The Italian Grand Prix podium will go down in history as one of the most surreal as there was no Lewis Hamilton standing in his usual spot at the top of the steps. If fact, there were no Mercedes, Red Bulls or Ferraris to be seen as the trophies were handed out and the Italian national anthem blared over the empty stands at Monza on Sunday afternoon.
Alpha Tauri driver Pierre Gasly was the unlikeliest of victors as a litany of errors and penalties played into the Frenchman’s hands for his first career Grand Prix win.
The biggest shame was that there were no fans to witness one of the most thrilling races in memory. World champion Hamilton was given a 10-second stop-go penalty to send him from the lead to the back of the pack, and both Ferraris fail to finish at their home circuit.
Beside Gasly, the remainder of the podium looked just as odd. The 24-year-old Frenchman finished 0.415 seconds ahead of McLaren driver Carlos Sainz and 3.358 ahead of Racing Point’s Lance Stroll. Before Sunday, the trio had only one top-three finish between them.
Hamilton appeared on course for a comfortable victory from pole position but he was given the stop-go penalty after a clanger from the Mercedes team, telling him to box while the pit lane was closed.
The Briton still put in a magnificent drive to claw his way back up to seventh before he ran out of laps in clearly the fastest car, and picked up a bonus point for the fastest lap.
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Ferrari’s abysmal weekend continued as Sebastian Vettel had a brake failure on Lap 7 and he limped into the pits with his right-rear brake disc in flames. It was the four-time champion’s first DNF at Monza in his 14th start.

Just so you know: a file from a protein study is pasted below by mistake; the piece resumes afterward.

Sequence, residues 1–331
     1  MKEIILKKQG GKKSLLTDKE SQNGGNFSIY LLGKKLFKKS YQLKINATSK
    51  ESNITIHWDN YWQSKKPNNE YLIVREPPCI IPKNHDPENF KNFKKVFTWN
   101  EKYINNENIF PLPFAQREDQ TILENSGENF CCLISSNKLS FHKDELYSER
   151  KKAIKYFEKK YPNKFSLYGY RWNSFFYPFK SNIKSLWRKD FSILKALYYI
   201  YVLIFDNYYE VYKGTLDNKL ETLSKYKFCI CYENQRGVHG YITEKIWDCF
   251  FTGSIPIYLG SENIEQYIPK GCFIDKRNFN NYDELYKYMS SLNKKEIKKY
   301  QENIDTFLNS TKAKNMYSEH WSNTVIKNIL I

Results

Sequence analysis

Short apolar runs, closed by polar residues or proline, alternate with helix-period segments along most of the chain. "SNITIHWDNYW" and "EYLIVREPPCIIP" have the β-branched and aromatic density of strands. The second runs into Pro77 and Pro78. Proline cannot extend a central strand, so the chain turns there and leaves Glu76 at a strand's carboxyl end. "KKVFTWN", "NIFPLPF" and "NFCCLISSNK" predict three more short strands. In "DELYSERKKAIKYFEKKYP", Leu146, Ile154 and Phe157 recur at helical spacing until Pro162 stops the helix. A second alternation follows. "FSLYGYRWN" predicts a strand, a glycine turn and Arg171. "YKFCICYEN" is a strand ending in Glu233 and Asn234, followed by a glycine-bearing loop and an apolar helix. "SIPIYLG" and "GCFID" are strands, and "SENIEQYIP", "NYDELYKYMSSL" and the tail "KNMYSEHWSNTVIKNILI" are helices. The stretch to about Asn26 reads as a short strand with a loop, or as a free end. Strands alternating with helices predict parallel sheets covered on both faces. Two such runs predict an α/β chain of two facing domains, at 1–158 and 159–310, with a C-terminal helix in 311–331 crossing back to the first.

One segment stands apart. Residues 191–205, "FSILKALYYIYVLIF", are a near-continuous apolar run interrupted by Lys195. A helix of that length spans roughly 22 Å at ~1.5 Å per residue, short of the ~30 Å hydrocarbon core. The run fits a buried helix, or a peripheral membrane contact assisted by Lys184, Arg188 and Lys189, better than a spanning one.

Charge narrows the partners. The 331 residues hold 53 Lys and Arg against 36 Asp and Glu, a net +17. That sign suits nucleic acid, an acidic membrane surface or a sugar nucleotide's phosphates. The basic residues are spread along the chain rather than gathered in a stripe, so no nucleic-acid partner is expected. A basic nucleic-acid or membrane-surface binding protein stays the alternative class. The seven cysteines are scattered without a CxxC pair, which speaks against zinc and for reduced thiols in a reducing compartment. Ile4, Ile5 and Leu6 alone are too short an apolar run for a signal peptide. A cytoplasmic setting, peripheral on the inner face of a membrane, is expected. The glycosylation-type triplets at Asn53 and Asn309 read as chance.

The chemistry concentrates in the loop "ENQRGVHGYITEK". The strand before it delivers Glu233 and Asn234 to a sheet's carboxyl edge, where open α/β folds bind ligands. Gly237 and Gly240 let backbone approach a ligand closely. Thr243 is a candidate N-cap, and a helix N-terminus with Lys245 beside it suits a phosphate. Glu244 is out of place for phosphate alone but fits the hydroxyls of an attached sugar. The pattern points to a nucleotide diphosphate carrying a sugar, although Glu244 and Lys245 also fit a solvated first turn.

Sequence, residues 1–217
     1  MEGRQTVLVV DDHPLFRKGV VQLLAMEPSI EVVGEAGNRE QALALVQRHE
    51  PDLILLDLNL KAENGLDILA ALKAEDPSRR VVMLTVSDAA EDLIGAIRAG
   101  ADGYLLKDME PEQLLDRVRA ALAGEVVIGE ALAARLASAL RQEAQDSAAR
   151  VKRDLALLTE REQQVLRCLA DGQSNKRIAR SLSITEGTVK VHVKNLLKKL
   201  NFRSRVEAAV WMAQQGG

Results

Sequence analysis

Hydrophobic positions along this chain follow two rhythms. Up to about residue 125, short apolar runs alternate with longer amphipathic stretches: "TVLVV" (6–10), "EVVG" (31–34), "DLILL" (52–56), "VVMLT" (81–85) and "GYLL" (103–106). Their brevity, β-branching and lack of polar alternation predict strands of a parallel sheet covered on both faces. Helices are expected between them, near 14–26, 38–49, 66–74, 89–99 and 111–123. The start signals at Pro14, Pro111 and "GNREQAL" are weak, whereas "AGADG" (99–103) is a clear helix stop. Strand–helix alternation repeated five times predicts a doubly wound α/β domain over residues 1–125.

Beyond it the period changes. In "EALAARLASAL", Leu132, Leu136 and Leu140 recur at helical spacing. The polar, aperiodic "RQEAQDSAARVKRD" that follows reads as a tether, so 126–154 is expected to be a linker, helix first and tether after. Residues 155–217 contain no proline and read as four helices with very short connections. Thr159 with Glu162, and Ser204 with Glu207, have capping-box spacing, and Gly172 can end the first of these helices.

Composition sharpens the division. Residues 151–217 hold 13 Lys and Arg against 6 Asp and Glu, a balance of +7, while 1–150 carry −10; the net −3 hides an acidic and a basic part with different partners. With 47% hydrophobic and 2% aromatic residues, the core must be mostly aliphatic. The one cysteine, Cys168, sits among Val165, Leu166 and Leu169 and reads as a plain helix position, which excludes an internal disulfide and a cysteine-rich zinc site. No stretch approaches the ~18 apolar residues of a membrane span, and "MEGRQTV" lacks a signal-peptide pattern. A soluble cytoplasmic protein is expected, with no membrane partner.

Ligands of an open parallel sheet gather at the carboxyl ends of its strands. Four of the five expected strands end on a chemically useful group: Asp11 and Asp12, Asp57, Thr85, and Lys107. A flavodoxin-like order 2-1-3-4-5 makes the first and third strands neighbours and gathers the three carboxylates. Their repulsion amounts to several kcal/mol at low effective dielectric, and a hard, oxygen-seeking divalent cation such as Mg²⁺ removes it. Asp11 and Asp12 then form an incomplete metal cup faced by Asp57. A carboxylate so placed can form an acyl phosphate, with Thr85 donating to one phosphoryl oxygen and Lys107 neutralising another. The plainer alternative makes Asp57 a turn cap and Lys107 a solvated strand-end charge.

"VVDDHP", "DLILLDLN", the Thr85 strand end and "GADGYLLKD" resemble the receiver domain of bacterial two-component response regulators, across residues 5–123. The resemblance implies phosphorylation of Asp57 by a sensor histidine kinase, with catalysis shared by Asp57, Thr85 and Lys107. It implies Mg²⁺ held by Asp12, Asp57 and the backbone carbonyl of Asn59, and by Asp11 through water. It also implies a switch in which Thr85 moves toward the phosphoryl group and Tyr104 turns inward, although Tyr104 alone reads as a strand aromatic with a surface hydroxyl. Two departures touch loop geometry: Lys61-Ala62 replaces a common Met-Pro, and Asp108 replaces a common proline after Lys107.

His teammate Charles Leclerc had made it into fourth but lost the rear of the car under acceleration through Parabolica on Lap 25 and smashed high speed into the barriers, causing the race to be red flagged. Thankfully, the Monaco driver walked away uninjured.
By that time Hamilton’s penalty had been announced. He served it immediately after the restart, allowing Gasly to take over at the front for a historic win.
Hamilton has 164 points after eight races to Valtteri Bottas’ 117 and Max Verstappen’s 110.
It was the first time since 2013, when Kimi Raikkonen triumphed with Lotus in Australia, that a team other than Mercedes, Ferrari or Red Bull had won a race.
“It’s unbelievable,” gasped Gasly, who was dropped by Red Bull’s main team last year but has come on in strides in the strangest of seasons disrupted by COVID-19 and without spectators. “It was such a crazy race and we capitalised on it.
“I’ve been through so much in 18 months, I struggle to realise this.”
“I was so close but yet so far,” said Sainz, who had also dreamed of taking his first win before joining Ferrari next year. “I needed one more lap.”